The things is, I don’t have crystal-clear direction right now. I just have a lot of internal stirrings, but stirrings that feel like the wind of change.

And I don’t have an answer.

“What are you going to do with your life? What’s your five-year plan?” I don’t know, and I just don’t think it matters as much as people seem to think it does. I don’t want to plan my life as much as I want to be fully present and obeying Jesus in my days. I don’t want to work towards ‘self-improvement’ as much as I want to let go of my “good” desire to please Jesus and my hyper-critical-trying-to-figure-it-out-analysis and, instead, whole-heartedly focus on loving Jesus with my mind and daily actions. I don’t want to be the ‘best version of me’ as much as I want to lose myself in obediently serving others.

And I don’t want to overcomplicate things anymore. So I start today. Still restless in these questions? Yes. And still seeking, actually more profoundly than I’ve been able to before.

What does it look like to live on mission, spending each day for Jesus, knowing that Hell is close to us all but Jesus can be closer?

I’m starting here, where the season has brought me: in my deep need for Jesus because I no longer pridefully think I can do this in my own strength or rely on my own wisdom. I’m starting here, at the feet of Christ, steeped in my desperate need for Him. Praying, first:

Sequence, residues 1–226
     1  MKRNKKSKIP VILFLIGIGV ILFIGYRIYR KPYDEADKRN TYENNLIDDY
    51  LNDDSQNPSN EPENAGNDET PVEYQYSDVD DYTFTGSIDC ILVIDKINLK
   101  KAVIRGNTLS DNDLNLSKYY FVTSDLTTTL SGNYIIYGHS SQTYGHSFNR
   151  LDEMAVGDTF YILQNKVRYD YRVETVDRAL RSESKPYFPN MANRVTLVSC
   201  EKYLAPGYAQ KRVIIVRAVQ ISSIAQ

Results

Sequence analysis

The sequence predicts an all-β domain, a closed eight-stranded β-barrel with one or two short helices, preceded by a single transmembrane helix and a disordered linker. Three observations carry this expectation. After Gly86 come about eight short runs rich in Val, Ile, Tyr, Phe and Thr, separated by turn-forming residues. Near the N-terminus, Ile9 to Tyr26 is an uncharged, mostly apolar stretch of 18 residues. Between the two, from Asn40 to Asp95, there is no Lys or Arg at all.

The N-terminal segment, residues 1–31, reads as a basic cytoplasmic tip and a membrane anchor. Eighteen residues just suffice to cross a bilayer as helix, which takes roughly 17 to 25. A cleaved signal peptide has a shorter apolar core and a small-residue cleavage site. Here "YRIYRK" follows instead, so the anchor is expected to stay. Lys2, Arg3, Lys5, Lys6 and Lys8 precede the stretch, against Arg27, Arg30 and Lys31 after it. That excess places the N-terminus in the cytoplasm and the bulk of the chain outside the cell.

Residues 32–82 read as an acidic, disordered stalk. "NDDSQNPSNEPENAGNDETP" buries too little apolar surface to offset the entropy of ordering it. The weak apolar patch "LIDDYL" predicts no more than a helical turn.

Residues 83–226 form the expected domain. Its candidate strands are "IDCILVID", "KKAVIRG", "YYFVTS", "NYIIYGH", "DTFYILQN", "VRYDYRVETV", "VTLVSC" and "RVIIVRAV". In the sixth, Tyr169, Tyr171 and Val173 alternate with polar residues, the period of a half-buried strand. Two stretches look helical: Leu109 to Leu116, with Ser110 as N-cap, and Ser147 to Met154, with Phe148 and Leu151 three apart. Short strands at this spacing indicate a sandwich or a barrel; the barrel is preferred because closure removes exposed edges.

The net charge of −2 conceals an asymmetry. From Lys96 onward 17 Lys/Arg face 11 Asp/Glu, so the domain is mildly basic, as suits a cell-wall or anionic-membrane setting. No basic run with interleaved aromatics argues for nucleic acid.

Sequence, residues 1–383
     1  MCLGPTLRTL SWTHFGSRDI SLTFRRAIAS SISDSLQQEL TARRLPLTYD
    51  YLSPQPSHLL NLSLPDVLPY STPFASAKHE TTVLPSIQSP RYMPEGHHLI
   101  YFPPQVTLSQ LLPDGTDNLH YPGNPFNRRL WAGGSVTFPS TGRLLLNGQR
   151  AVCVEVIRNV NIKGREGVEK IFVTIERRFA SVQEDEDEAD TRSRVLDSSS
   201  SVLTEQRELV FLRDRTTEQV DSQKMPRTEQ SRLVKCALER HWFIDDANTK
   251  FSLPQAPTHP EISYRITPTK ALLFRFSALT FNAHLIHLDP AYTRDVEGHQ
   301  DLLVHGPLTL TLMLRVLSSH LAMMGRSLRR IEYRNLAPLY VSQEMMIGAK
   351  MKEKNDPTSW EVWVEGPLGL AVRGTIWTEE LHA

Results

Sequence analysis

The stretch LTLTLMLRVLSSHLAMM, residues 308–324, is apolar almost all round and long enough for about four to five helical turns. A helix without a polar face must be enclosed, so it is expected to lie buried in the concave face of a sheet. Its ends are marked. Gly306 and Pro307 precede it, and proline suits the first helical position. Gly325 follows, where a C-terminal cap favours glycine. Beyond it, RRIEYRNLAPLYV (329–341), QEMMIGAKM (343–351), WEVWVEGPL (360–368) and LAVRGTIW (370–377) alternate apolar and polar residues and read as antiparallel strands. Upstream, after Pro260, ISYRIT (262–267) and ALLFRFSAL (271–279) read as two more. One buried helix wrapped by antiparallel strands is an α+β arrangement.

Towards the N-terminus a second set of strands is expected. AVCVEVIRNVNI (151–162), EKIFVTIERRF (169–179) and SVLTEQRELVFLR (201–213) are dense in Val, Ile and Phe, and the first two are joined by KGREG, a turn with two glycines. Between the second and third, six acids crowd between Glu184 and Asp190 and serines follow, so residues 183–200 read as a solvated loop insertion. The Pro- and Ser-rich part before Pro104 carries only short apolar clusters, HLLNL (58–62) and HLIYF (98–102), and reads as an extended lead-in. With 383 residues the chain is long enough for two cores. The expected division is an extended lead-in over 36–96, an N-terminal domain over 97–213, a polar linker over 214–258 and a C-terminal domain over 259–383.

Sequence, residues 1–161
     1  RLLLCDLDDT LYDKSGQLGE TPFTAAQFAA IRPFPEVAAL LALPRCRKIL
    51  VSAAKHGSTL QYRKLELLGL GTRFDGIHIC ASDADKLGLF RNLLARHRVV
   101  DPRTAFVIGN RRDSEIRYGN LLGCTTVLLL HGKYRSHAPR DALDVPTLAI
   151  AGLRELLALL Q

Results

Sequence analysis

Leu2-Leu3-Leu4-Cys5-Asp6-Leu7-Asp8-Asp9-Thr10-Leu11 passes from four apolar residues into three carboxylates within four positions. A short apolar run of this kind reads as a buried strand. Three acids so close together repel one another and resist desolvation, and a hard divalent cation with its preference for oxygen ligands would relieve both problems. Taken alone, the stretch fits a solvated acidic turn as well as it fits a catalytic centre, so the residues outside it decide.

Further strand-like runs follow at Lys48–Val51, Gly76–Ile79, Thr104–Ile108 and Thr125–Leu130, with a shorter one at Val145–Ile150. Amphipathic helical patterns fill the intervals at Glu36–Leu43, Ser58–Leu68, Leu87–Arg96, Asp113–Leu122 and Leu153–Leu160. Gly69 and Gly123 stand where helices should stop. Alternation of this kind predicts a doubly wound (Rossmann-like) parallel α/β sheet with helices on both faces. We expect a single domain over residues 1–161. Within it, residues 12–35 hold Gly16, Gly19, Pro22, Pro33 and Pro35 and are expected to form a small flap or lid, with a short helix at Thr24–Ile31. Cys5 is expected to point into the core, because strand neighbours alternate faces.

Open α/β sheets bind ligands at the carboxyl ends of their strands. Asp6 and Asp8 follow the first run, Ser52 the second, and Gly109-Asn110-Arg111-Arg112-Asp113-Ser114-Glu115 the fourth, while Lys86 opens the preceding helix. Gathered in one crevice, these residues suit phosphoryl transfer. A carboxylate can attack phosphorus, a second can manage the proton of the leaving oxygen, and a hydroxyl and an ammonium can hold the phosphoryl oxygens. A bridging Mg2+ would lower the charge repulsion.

Father! Center me in the center of you.
Father! Help me to focus on what matters.
Father! Teach me how to number my days.
Father! Show me how to spend my hours.
Father! Increase my urgency and keep me from inaction.
Father! Remove my stagnation.
Father! Renew my burden for Your people.
Father! Increase my passion for Your name.
Father! Expand my hunger for Your word.
Father! Help me to come to You first and give me Your eyes to see what to chase next.
Father! Widen my perspective.

Because I don’t know the answers, but I can know the one who does. And seeking, here I persist.

1 comment:

  1. I'm usually not one to leave comments but since you seem to receive so few on here...just wanted you to know that people like me are reading your blog and please, keep on writing. Your words here have encouraged me, pulled me back to Jesus, and I click over here pretty regularly to see if there's more. ~aletheia6012

    ReplyDelete

I definitely don't want this to be a monologue. What are your thoughts? Questions? Ideas?